Onion prices, at Rs 100-plus per kg in retail and an average of Rs 6,500/quintal even in Maharashtra’s Lasalgaon wholesale market, have made headlines in a year that is coming to a close. But it’s not just onions. There are many other farm commodities whose prices have been looking up, if not soaring, of late.
Take pulses: Last year, at this time, arhar (pigeon-pea) was trading at Rs 4,500 per quintal in Latur mandi of Maharashtra. Currently, it is selling at Rs 5,000. Likewise, prices of urad (black gram) in Latur have crossed Rs 7,000 per quintal, compared to Rs 4,500-4,600 a year ago, while that of moong (green gram) in Rajasthan’s Sumerpur market has gone up from Rs 5,200 to Rs 6,000 levels in the same period. These rates are close to or even higher than the minimum support prices (MSP) of Rs 5,800/quintal for arhar, Rs 5,700 for urad and Rs 7,050 for moong.
The price increase in pulses would, in fact, have been higher, but for the stocks built from government procurement. During the 2016-17, 2017-18 and 2018-19 agricultural years (July-June), the Central agencies — National Agricultural Cooperative Marketing Federation of India (Nafed), Food Corporation of India and Small Farmers’ Agribusiness Consortium — together bought 18.78 lakh tonnes (lt), 44.96 lt and 19.50 lt of pulses, respectively. While stocks in the Central pool with Nafed amounted to nearly 42 lt at its peak in June 2019, the apex agency is still holding 20.90 lt (as on December 21), mainly comprising 16.41 lt of chana, 2.19 lt of moong, 1.99 lt of urad and 0.29 lt of masur (lentil).
Those stocks have come useful this year, which saw less area being sown under kharif pulses, courtesy poor monsoon rains till about the last week of July. That, along with excess rains thereafter up to early-November, causing significant damage to the standing crop, has resulted in a decline in kharif pulses production similar to that for onions. The only reason why dal has not gone the pyaaz way is the stocks with Nafed.
The absence of such a buffer is now being felt not only in onions, but perhaps also in milk.
Last year, around this time, dairies in Maharashtra were paying farmers Rs 19-21 per litre for cow milk containing 3.5% fat and 8.5% solids-not-fat. That same milk is today being procured at Rs 29-31 a litre. In 2018-19 (April-March), India exported 45,082 tonnes of skimmed milk powder (SMP), with the Centre even extending a subsidy of Rs 50/kg to enable dairies to ship out their excess stocks. But with output set to dip in 2019-20, due to the cumulative impact of sustained low producer prices and extended rains, SMP prices have doubled to over Rs 300 per kg in the last one year.
Not having created a buffer stock, when dairies were saddled with surplus powder and forced to slash procurement as well as prices paid to farmers, may prove costly soon. The winter and spring months are the ‘flush’ season for milk. Animals normally produce more during this time because of better fodder and water availability, besides reduced body stress on account of lower temperatures and humidity. This year, though, the onset of ‘flush’ has been delayed by the late rains, which have not allowed the fodder to grow properly and accumulate sufficient dry matter. Most dairies have recorded negative milk procurement growth so far in 2019-20. It remains to be seen how much of this can be made up for in the next few months before summer, when ‘flush’ gives way to ‘lean’ and dairies would need to have sufficient stock of powder for reconstituting into milk.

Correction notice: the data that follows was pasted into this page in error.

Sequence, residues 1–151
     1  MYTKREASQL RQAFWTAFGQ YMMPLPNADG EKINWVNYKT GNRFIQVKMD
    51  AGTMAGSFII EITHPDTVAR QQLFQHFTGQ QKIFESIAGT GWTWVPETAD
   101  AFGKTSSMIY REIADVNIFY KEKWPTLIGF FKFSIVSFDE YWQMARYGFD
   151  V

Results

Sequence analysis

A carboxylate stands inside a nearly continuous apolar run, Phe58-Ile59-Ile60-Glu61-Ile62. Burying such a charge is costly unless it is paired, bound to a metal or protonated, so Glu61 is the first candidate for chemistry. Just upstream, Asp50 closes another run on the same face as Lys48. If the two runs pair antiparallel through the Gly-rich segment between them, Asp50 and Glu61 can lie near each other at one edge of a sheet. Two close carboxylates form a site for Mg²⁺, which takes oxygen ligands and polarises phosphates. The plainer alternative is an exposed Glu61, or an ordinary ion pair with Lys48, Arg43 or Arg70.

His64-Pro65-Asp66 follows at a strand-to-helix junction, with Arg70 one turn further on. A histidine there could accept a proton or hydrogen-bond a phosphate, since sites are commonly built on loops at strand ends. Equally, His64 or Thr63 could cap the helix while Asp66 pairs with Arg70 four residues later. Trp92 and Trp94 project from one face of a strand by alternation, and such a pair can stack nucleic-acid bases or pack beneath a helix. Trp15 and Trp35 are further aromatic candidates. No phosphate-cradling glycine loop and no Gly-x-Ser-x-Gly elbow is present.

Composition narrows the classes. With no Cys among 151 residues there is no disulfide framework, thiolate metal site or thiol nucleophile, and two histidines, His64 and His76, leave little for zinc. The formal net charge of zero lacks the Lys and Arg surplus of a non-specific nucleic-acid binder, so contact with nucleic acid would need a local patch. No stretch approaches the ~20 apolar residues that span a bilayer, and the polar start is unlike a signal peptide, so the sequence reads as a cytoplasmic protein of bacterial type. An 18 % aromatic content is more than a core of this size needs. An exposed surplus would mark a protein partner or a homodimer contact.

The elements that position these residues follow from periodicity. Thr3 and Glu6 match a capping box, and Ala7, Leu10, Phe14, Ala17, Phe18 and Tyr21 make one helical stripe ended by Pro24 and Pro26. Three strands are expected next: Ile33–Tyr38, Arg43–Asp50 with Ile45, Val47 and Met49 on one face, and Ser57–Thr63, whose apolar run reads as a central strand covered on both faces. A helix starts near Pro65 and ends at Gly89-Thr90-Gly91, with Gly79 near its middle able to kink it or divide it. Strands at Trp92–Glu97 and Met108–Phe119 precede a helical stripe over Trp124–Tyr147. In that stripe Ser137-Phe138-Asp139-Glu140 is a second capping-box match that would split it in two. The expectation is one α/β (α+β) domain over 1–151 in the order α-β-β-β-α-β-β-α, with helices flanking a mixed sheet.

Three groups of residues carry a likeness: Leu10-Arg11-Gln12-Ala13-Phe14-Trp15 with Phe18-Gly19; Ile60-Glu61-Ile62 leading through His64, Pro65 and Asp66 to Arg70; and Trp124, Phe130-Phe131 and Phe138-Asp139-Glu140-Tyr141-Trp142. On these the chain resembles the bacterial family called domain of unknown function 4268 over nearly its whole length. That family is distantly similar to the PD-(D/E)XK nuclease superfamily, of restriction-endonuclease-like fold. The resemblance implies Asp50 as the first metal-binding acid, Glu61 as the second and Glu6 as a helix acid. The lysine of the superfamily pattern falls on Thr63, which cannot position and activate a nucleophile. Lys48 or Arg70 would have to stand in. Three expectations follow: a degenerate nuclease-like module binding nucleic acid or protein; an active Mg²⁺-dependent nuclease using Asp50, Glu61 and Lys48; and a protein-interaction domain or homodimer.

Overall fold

Onions, pulses and milk apart, even commodities such as soyabean, maize and bajra (pearl-millet) are showing some bullishness. Soyabean is quoting at Rs 4,000 per quintal in Ujjain (Madhya Pradesh), up from Rs 3,300 a year ago. Prices of maize at Davangere (Karnataka) have similarly risen from Rs 1,600 to Rs 1,900 and that of bajra from Rs 1,500 to Rs 2,100 per quintal in Chomu (Rajasthan). The current market prices are higher than the MSPs: Rs 1,760 per quintal for maize, Rs 3,710 for soyabean and Rs 2,000 for bajra.
The above price recovery — even sugar seems to be turning around, thanks to a global deficit that has opened up export opportunities for Indian mills — should actually be welcome for an economy desperately looking for good news. The underlying factors here are partly structural (farmers reducing planting or investing less in yield-enhancing inputs in response to low realisations in the past few years) and partly weather-induced (early season drought followed by prolonged unseasonal rains). But to the extent these are helping bring back ‘sentiment’ in produce markets, badly battered in the post-demonetisation period, there is a strong case for policymakers not to be unduly perturbed.
In the days to come, there is bound to be lot of pressure for cutting duties or allowing more import of SMP and pulses. The Narendra Modi government, in its first term, was very hawkish with regard to food inflation. It would be interesting whether it will adopt the same approach in its second term as well — this has already been witnessed vis-à-vis onions — especially with consumer food inflation in crossing single-digits in October for the first time in almost six years.
The one consolation, however, is the prospect of a bumper rabi harvest. The surplus monsoon and post-monsoon rains have recharged groundwater aquifers, apart from filling the country’s major dams close to their full reservoir capacities. That has, in turn, encouraged farmers to aggressively expand the area sown under most rabi crops.
If the current price recovery trend holds and rabi production turns out good — there is room for optimism on that count — it would set the stage for a long overdue agricultural turnaround.